Policies may also contain clauses that prevent coverage from beginning until construction commences, leaving you uncovered for the period between the contract date and the beginning of construction. In other situations, the insurance carrier may only cover losses at the time you become legally responsible for the covered property, either on or after the effective date.

Coverage expiration

Determining when coverage terminates can be equally challenging. Builder’s risk policies often contain provisions that terminate coverage before the policy’s expiration. Typically, these provisions state that coverage will end when one of the following occurs (whichever happens first):

  • The policy expires or is cancelled
  • The property is accepted by the purchaser
  • Your interest in the property ceases
  • You abandon the construction with no intention of completing it
  • Coverage may cease when left unattended for more than 30 consecutive days or when construction activity has ceased for more than 30 consecutive days
  • Unless specified otherwise in writing:
    • 90 days after construction is complete, or
    • 60 days after construction is complete and the building described in the declaration is:
      • Occupied in whole or in part, or
      • Put to its intended use

Common pitfalls of builders risk insurance

Since builders’ risk policies function differently than standard property policies, many people fail to realize some of the unique restrictions associated with construction coverage. Keep the following in mind as you consider your construction insurance needs:

  • In some cases, the policy may provide coverage for up to 90 days after the completion of construction, but this would only be the case if there were at least 90 days remaining in the policy period. For example, if a building was completed only two days before the policy expiration, only two days of coverage would be available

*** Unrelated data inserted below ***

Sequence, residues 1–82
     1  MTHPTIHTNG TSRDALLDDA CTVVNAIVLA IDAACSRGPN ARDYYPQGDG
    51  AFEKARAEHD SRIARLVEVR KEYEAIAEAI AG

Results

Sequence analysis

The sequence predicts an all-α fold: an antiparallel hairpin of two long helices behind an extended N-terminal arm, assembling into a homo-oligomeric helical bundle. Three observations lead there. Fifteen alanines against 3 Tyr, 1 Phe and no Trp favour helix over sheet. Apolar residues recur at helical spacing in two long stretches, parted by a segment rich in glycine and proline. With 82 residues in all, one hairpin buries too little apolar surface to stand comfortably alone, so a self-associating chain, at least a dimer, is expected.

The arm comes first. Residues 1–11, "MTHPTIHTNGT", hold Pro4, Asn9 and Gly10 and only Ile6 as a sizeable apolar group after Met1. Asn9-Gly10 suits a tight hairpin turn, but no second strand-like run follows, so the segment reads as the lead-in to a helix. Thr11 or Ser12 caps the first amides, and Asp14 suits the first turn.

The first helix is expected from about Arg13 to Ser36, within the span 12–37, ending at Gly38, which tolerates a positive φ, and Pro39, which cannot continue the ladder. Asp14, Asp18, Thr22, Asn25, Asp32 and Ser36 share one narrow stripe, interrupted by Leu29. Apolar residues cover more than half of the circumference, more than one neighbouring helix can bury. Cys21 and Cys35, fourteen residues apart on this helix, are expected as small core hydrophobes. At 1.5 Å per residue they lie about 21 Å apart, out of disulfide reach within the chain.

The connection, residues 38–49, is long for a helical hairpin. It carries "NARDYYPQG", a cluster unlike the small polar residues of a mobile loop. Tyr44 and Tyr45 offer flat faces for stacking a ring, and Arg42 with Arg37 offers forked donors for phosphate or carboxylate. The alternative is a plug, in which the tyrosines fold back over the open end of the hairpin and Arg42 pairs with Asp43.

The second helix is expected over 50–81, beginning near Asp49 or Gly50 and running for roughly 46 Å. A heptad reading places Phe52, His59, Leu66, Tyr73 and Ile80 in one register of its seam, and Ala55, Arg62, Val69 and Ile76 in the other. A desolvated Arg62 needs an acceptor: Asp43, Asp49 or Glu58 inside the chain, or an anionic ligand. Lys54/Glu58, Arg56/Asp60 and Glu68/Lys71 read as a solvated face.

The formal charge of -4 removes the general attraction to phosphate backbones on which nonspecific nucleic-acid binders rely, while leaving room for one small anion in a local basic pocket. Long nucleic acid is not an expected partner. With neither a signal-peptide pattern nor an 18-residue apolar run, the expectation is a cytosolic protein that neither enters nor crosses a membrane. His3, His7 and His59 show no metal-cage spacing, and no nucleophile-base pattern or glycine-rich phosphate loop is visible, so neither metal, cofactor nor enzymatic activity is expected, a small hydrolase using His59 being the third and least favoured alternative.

• Coverage issues can arise at the end of a project, once construction is complete and the structure is occupied, if outstanding completion work or final touches still need to be completed
  • Under some builders risk policies, there may be no coverage under the policy if the building is occupied to any extent for over 60 days without the written consent of the insurance company

To avoid the pitfalls of builder’s risk insurance and ensure that your project’s specific needs and risks are covered, it is critical to understand the insurance coverage obligations of the project documents and contracts so that your policy fulfills at least the minimum requirements of the project.

It can be useful to engage an experienced insurance broker for complex policies to make sure you understand what triggers your coverage to commence and cease. You will also need to make sure that permanent coverage is in place when your builder’s risk coverage ends so that you are fully protected without gaps.

Careful planning is the foundation for a smooth construction project. Many businesses choose to transfer or accept risk through contracts, purchase orders, and lease agreements, but not all contracts or endorsements are created equal. A broker who understands your business can help you parse your builder’s risk policy’s language to meet the needs of your project.